Businesses operating in designated high crime areas must close shop at midnight, if a draft ordinance before the city council is successful. Council members on Tuesday evening discussed the ordinance that police brass say will allow for better policing of city streets.
Officials have identified 15 city streets as hotspots, where businesses will only be able to remain open between 5 a.m. to 12 a.m., according to the draft ordinance. Among the streets on the list are: 10th and 17th Avenues; East 18th Street and Broadway; Governor and Temple Streets; Rosa Parks Boulevard and Park Avenue; Straight and Market Streets; West Broadway and Carroll Street; North Main Street and two sections of Main Street.
“We came up with a perimeter that we think might be helpful in fighting crime in the City of Paterson,” said captain Richard Reyes, executive officer at the city’s police department. “One of the key areas that we identified was obviously quality of life issues such as noise, gangs, drugs complaints, and another area was non-fatal shootings.”
Reyes said the department looked at data from 2012 to 2013 and collected observations from beat officers to come up with a list of streets. The captain said much of the data came from residents making service calls to the police department complaining of loud noise.
Designed following an example of a similar ordinance in Jersey City, the city can add and remove streets from the list based on the number of quality of life complaints from residents, said Reyes.
“The Jersey City ordinance was adopted in 1987 and since that time has been amended seventeen times to either add areas or reduce the number of areas, remove areas,” said Andre Sayegh, 6th Ward councilman. “This is a working document. We can always amend it.”
Ruby Cotton, 4th Ward councilwoman, said the ability to amend the ordinance to add new streets will come in handy, but Reyes chimed in stating adding new streets on the list cannot simply be done at whim.
“It’s all based on data,” said Reyes. “It shouldn’t be amended unless there’s data to back it up.”
Mohammed Akhtaruzzaman, 2nd Ward councilman, said if a council member thinks a street should be added into the list, it can be done after sufficient data is gathered. “If we see a street needs to be on the list we can add it,” said Akhtaruzzaman. “Hopefully, end of the year we can modify it.”
Domenick Stampone, city’s law department director, explained arbitrarily adding streets can open the city up to lawsuits. “You may see a street that you think should be on there,” said Stampone, but it is not on the list because residents are not coming forward to report the crime.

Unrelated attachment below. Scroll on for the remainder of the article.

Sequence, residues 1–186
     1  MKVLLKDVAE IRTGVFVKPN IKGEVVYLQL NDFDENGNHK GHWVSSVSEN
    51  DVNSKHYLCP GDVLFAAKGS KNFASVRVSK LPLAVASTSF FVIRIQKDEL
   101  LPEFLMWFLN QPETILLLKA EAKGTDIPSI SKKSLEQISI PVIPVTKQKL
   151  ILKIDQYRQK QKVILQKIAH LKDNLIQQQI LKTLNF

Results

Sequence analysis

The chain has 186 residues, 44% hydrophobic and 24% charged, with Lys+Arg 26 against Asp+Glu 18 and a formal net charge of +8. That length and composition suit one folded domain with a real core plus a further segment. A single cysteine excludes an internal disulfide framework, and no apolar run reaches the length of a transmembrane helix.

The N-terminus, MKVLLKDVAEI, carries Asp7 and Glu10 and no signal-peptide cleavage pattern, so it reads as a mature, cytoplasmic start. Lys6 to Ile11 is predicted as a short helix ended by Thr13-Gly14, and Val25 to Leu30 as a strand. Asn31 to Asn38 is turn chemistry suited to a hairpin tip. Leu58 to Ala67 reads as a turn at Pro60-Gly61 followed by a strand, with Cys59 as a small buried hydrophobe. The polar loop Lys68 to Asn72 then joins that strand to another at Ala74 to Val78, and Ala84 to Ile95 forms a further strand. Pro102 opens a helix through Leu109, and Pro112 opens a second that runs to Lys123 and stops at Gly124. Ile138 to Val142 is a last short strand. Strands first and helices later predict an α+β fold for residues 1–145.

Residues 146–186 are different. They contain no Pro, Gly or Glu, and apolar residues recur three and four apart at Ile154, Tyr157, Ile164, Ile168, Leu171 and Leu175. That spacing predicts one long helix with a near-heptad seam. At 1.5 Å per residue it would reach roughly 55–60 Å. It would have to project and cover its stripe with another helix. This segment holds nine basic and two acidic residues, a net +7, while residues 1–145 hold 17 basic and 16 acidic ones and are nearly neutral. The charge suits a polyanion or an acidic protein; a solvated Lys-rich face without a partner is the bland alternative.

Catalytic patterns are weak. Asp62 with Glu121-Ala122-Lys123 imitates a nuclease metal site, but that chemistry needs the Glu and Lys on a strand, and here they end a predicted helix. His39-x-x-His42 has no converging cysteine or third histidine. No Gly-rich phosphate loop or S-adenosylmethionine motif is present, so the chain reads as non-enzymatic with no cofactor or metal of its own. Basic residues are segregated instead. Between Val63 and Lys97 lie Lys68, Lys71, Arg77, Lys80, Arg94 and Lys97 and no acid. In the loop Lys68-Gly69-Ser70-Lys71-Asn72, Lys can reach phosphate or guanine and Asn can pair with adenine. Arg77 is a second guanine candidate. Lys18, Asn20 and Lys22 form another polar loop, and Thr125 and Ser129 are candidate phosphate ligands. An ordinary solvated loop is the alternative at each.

Stampone said if the city is challenged in court it can show the judge that the city followed objective criteria to place streets on the hotspots list.
“Anytime you pass something like this, you run into the possibility of a challenge,” said police director Jerry Speziale. “This ordinance that you are looking at here has been vetted not only through legal, but also through our county prosecutor’s office.”
The city’s ordinance does not have any exceptions for business that the Jersey City ordinance had which landed that city in court.
Injecting a bit of skepticism into the discussion, Domingo “Alex” Mendez added, “Once we do curfew in one area, crime is going to move to another area.”
Acting police chief William Fraher responded stating that crime does not move as a result of a hotspot business curfew. “The current thinking is displacement does not occur,” said Fraher, who teaches policing in the John Jay College of Criminal Justice at the City University of New York. “In fact, once you do effective hotspot policing the adjacent areas along the hotspot cool down even more.”
Fraher did not rule out that displacement may occur. The chief said the department has a plan in place to be vigilant around adjoining neighborhoods near the trouble spot to monitor any migration of crime from a hotspot neighborhood to a non-hotspot.
“This is just going to be another tool that will help the Paterson Police Department to effectively police the city and bring better quality of life to residents of this city,” added Speziale.
Correction: The initial article stated that businesses would be required to close at 11 p.m., when in fact they must close at 12 a.m.